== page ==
Heath and Vaughn Funeral Home - Champaign Il

Today is


Ned Goldwasser

Ned Goldwasser, 97, loving husband and father, Professor of Physics Emeritus
and former Vice Chancellor of Academic Affairs at the University of Illinois, and goldwasserformer Deputy Director of Fermilab National Accelerator Laboratory, died on December 14th at his Urbana home. He was a passionate and tireless advocate for education, the pursuit of knowledge, and equal rights for all. He was also a warm and generous man who loved and was loved by his family and an immense number of friends.

Born in Manhattan on March 9, 1919, the son of Israel Edwin and Edith Goldwasser, he attended Horace Mann School and then majored in physics at Harvard University, graduating in 1940. He was on the Harvard swim team, and he continued to swim regularly well into his 80s.

It was while he was at Harvard that he was introduced to Elizabeth (Lizie) Weiss.
They were wed on October 27, 1940, and shortly thereafter moved to Washington,
D.C., where Ned worked for two years for the U.S. Navy’s Bureau of Ordnance. They
then moved to Berkeley, California, where Ned was employed by the Twelfth Naval
District until 1945, helping to degauss ships to protect them against enemy mines.

Ned completed his PhD in physics at UC Berkeley in 1950. It was the McCarthy
era, and all University employees at that time were required to sign a loyalty oath. A total of 31 “non-signing” professors were dismissed by the University of California, and even though as a post-doc Ned wasn’t required to sign the oath, his conscience moved him to leave as well rather than replace a departing faculty member.

In 1951 Ned accepted a faculty position at the University of Illinois. Having
grown up in Manhattan, then lived in California for a decade, moving to a small
university town in Illinois seemed daunting to Lizie and Ned. In fact, Ned was convinced that Lizie would hate it. However, they soon became enamored with the congeniality of Champaign-Urbana and the close-knit physics department, building meaningful relationships that spanned many decades.

As a physicist, Ned had an immense curiosity about the makeup of matter. He
performed research experiments at the betatron, a small particle accelerator located on the U of I campus. He also played a leading role in efforts to bring a national accelerator lab to the Central United States.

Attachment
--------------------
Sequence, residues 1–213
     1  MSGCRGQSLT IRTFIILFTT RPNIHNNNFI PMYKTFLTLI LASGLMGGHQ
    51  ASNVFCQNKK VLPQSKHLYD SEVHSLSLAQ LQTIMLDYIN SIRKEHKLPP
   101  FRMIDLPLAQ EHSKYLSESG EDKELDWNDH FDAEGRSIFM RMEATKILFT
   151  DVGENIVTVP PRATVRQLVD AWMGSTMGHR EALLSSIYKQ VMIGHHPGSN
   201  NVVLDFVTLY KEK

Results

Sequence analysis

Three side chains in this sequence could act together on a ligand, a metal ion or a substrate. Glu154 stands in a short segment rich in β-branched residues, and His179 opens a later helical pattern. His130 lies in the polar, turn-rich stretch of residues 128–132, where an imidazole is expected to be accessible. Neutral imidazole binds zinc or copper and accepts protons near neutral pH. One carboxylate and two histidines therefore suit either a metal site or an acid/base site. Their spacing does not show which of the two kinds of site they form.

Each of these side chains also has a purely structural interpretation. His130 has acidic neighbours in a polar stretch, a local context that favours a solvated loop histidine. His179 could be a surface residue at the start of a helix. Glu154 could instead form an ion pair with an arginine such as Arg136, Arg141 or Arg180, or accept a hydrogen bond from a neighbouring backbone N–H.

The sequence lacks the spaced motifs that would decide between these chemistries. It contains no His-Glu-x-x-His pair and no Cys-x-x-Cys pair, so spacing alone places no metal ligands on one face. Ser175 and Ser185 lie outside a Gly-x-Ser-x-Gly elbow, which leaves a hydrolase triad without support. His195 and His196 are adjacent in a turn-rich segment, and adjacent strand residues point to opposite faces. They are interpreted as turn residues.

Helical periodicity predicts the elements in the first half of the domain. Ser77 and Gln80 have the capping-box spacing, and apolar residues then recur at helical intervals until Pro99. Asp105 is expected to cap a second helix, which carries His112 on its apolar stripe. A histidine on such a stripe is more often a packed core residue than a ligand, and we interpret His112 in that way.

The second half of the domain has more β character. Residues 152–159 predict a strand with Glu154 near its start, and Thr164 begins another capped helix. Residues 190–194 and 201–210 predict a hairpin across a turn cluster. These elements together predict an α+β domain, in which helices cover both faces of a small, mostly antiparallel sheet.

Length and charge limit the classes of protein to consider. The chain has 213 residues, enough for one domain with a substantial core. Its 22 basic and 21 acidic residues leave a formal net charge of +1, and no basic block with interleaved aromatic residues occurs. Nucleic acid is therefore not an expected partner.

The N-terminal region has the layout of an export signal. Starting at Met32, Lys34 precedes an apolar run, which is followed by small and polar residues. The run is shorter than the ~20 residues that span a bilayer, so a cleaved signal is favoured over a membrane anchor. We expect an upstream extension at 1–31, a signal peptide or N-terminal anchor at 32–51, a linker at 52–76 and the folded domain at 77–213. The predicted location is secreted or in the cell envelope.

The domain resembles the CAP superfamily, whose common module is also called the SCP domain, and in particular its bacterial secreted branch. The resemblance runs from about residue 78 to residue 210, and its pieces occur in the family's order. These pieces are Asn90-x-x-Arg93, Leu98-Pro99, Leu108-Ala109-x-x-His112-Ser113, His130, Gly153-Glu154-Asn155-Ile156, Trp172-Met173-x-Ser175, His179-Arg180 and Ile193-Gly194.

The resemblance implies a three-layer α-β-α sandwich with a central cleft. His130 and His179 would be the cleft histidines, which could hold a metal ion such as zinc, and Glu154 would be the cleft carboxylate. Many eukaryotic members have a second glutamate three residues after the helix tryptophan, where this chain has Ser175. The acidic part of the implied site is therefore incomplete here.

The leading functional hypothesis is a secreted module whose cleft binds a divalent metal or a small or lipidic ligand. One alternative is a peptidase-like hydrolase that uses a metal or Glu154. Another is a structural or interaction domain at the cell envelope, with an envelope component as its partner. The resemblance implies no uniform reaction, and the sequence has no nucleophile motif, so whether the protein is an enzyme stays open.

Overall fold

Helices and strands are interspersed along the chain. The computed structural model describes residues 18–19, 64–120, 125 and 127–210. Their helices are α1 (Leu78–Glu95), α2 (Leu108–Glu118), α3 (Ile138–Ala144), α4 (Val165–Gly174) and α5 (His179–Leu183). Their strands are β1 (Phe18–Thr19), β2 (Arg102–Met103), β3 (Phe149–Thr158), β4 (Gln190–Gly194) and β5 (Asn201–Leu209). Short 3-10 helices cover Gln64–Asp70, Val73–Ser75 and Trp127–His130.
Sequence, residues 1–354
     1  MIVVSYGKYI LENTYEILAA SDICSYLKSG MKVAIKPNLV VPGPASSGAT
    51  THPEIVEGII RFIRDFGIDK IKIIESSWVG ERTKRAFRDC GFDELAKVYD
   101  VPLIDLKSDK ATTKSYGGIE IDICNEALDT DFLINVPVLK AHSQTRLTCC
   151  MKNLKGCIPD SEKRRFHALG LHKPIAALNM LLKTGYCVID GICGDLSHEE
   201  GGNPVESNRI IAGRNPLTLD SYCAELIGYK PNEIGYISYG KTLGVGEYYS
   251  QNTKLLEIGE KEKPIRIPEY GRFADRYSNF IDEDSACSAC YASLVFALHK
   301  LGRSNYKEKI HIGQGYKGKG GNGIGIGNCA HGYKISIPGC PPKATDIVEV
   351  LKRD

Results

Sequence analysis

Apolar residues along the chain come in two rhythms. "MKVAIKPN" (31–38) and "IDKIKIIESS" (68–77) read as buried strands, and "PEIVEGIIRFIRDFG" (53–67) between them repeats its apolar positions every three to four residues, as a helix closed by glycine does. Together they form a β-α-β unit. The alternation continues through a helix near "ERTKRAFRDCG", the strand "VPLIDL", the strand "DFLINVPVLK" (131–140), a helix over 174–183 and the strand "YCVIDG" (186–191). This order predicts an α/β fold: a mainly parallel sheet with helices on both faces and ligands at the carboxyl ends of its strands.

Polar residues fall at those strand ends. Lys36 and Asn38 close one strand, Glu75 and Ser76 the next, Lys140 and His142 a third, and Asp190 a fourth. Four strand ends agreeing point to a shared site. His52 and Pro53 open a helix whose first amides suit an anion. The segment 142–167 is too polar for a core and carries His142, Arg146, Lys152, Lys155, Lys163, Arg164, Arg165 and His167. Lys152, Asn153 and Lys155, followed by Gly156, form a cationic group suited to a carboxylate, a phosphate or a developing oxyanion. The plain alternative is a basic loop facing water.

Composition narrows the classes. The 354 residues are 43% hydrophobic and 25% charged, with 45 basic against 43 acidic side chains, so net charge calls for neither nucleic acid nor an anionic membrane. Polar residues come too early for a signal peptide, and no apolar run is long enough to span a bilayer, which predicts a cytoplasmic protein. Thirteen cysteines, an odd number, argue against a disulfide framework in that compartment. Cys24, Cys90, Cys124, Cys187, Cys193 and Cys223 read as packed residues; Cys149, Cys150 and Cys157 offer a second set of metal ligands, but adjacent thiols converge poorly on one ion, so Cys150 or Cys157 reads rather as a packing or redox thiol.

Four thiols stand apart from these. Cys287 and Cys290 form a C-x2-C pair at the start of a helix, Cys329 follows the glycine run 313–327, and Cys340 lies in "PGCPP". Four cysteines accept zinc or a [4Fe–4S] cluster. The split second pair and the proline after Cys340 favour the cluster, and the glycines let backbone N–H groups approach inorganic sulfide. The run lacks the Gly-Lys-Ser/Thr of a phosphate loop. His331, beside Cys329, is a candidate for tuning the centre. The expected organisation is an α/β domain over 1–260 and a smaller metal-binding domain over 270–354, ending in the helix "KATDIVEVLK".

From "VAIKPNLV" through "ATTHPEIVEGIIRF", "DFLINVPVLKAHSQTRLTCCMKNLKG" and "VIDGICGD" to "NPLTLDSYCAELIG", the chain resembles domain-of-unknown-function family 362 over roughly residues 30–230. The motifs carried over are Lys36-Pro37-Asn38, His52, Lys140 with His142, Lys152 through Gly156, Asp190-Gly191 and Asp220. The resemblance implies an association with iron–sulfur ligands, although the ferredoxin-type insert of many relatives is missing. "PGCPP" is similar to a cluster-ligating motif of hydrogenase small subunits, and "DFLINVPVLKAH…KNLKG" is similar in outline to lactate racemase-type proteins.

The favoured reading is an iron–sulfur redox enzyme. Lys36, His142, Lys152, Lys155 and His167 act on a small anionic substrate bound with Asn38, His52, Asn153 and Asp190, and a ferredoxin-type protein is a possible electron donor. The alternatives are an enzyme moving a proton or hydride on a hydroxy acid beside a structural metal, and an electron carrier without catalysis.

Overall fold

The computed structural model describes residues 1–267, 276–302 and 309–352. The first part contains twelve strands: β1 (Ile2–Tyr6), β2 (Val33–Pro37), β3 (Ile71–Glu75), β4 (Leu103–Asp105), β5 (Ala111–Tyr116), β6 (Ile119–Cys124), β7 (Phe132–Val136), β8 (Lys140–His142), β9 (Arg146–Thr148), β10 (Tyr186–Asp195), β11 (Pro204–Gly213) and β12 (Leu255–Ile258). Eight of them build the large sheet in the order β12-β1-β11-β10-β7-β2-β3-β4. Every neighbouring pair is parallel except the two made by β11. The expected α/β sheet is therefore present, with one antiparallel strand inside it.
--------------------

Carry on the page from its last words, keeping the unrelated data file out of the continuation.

In 1957 he received Fulbright and Guggenheim Fellowships to spend a year in
Rome, accompanied by his family. He lectured that entire year in Italian, having
received lessons from Laura Fermi, the wife of Enrico Fermi.

A dedicated and inspiring teacher, Ned wrote the then-influential college textbook
Optics, Waves, Atoms and Nuclei (New York, W.A. Benjamin, 1965). He also helped to develop the PSSC physics curriculum, which transformed the way physics was taught in U.S. high schools. His overarching goal in teaching physics was to reveal to students what he called the beauty of physics—“its support of the unflinching drive of human beings to understand more about their surroundings.”
In 1967 Ned was named the first Deputy Director of Fermilab National
Accelerator Laboratory in Batavia, Illinois. Working closely with the Director, his dear friend Robert Wilson, they oversaw the construction of the world’s largest small particle accelerator. During construction, Ned led the effort to require contractors and unions that wanted to participate in the project to expand their minority involvement. Once the Laboratory was operational, Ned fought to make it a truly international enterprise, insisting that physicists from all over the world, including (at the height of the Cold War) the Soviet Union, be allowed to participate in its research activities. Fermilab became a center of learning and research for physicists all over the world, while at the same time serving as a model for how scientists, to quote Ned, “[can] lead the way in demonstrating that any business enterprise can make a significant contribution to improving the plight of the under-privileged, the undereducated and the underemployed.”

Ned resigned from Fermilab in 1978 to become Vice Chancellor for Academic
Affairs and Dean of the Graduate School at the University of Illinois. Upon his
resignation, Dr. Wilson commented, “I have been honored and privileged to be
associated with this great physicist and lovable man in the adventure of Fermilab,” and went on to say that “the successes of the Laboratory, the firm foundation for the future, the cultural ambience, the spirit of opportunity for all, the international importance of our work, are all monuments to his sense of the value of science and its place in our society.”

When Ned and Lizie returned to the University of Illinois they bought a house on